With Hacksaw Ridge the the cinemagoing public finally get to see the return of one of Hollywood’s most famous couples: Mel Gibson and his Catholicism! They are returning to the screen for the first time since 2004’s The Passion of the Christ. Despite their long absence as a couple from the public eye, and the controversy surrounding their relationship for over a decade now, here they are on screen. This reviewer is happy to say that it appears none of their unique chemistry has been lost over their time spent in exile and, indeed, they do appear to be closer than ever.
To be serious though, Hacksaw Ridge is pretty darn good, and given the (justifiably) shitty rep Christian film has been getting recently (because it’s all ham-fisted garbage) it’s good to see what the subject looks like in competent hands. Not that we’re getting an enlightened critical exploration of these themes in this joint. Gibson goes all out to stage a full on passion play on the Okinawa battlefield, no expense is spared in the depiction of an innocent man suffering for the sake of the sinners that surround him.
It’s a little odd really because it really tries to have its characters make the opposite point. Private Doss, the combat medic who refuses to harm, let alone hold a weapon, is just this regular guy. So we are told time and again, and we just like, ‘Nah, really tho?’ because he is made exceptional. His faith makes him more. It’s flash and impressive but its faith is still its soul. Down to the viewer really if they find that alienating, easy to ignore under the sounds of the explosions.
Cos this a WWII Pacific Theatre movie. It commits to that. Traditional structure reigns here, the plot methodically pacing its way through home through training to the battlefield. From comedic to horror, the sweetheart back home, gruff commanders, hard won camaraderie. All the elements are present and correct and are walked through by accomplished actors who are familiar enough with this stuff to hit their material out of the park. Gonna single out Vince Vaughn as someone who surprised me, not because he was super great but because he worked will in his role as the team Sargent. Good call from casting director Nikki Barrett there, although I do believe Vaughn has been seeking out these more serious roles recently.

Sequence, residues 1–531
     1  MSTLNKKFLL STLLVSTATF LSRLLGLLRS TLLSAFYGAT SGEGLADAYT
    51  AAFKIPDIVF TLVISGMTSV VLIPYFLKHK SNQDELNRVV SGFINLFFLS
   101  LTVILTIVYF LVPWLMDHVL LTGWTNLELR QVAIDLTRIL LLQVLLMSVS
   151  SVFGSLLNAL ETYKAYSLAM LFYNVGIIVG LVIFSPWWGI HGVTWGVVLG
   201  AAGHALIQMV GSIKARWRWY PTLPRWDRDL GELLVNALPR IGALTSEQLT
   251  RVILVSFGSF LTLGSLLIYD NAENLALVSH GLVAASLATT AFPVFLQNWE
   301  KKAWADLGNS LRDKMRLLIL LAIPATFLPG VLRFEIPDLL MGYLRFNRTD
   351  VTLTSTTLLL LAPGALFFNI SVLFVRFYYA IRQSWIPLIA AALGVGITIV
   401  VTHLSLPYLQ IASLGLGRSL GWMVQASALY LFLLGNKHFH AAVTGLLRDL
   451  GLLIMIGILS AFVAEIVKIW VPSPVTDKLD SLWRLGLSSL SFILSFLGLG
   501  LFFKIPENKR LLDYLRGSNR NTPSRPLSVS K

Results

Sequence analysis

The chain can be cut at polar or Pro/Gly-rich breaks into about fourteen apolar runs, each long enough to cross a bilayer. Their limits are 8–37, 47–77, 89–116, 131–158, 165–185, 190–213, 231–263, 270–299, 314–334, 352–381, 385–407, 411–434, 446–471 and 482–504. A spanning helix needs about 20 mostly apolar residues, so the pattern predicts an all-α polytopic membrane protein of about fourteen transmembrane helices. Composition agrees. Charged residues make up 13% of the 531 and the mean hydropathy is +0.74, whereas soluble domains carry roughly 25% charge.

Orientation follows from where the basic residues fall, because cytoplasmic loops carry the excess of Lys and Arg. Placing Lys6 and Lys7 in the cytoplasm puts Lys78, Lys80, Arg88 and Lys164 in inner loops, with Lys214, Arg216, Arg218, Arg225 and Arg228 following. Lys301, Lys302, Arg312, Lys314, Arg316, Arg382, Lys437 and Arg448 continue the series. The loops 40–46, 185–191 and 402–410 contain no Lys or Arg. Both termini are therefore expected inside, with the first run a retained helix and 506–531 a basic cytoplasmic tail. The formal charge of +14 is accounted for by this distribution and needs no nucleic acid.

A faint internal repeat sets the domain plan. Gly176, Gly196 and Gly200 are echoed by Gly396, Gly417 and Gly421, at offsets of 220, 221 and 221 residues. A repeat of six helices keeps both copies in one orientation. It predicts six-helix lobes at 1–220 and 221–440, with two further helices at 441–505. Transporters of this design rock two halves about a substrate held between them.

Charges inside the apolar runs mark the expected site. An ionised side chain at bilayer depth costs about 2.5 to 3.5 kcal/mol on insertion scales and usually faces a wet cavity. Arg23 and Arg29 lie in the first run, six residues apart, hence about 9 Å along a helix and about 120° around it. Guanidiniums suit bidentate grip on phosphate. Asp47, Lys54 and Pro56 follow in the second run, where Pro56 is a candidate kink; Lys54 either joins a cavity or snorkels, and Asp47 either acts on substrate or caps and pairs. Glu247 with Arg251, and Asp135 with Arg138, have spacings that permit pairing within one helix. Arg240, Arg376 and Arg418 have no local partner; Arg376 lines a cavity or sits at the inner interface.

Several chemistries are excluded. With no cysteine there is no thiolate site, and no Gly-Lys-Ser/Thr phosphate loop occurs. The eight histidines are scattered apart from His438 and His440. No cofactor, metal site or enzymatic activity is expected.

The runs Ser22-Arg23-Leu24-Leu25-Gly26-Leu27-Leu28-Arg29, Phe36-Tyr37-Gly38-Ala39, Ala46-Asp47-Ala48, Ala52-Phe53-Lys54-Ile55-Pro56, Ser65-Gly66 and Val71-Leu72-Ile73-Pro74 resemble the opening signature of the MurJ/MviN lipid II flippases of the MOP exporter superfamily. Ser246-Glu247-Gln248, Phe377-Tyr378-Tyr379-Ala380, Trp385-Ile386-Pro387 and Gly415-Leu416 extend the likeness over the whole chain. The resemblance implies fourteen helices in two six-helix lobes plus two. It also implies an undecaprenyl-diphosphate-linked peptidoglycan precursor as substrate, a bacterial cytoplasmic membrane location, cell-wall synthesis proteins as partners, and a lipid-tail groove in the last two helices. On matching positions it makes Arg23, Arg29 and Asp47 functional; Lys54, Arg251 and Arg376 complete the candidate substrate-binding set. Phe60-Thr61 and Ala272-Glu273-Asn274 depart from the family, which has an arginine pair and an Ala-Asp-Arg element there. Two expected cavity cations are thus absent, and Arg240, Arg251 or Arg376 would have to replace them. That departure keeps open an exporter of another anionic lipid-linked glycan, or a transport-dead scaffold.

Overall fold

This gives us plenty of opportunity then to heap praise on those who so rarely receive it, those working on the technical side of the film. Simon Duggan’s stark and smoky cinematography. John Gilbert’s aggressive and impactful editing. Barry Robison’s production design, its stark contrast between home and the war. The costumers and make up artists whose work serves to ground these characters into their world. All the special effects workers (practical and digital) and stunt performers who conjure the physical horrors of warfare. And the sound mixers whose work is, like, out of this world here.
That’s when the film works, at its most hardscrabble. When it is playing on all the most basic atavistic parts of the film-goers psyche. That’s why I suppose it is important that this is a Mel Gibson joint, because he is one of those very visual filmmakers who is able to do so much with the image to halt you in your tracks. Tellingly the best parts of the film are those with the least dialogue, not because it’s bad but because then it gives the screen a chance to speak. And it speaks loud and with purpose.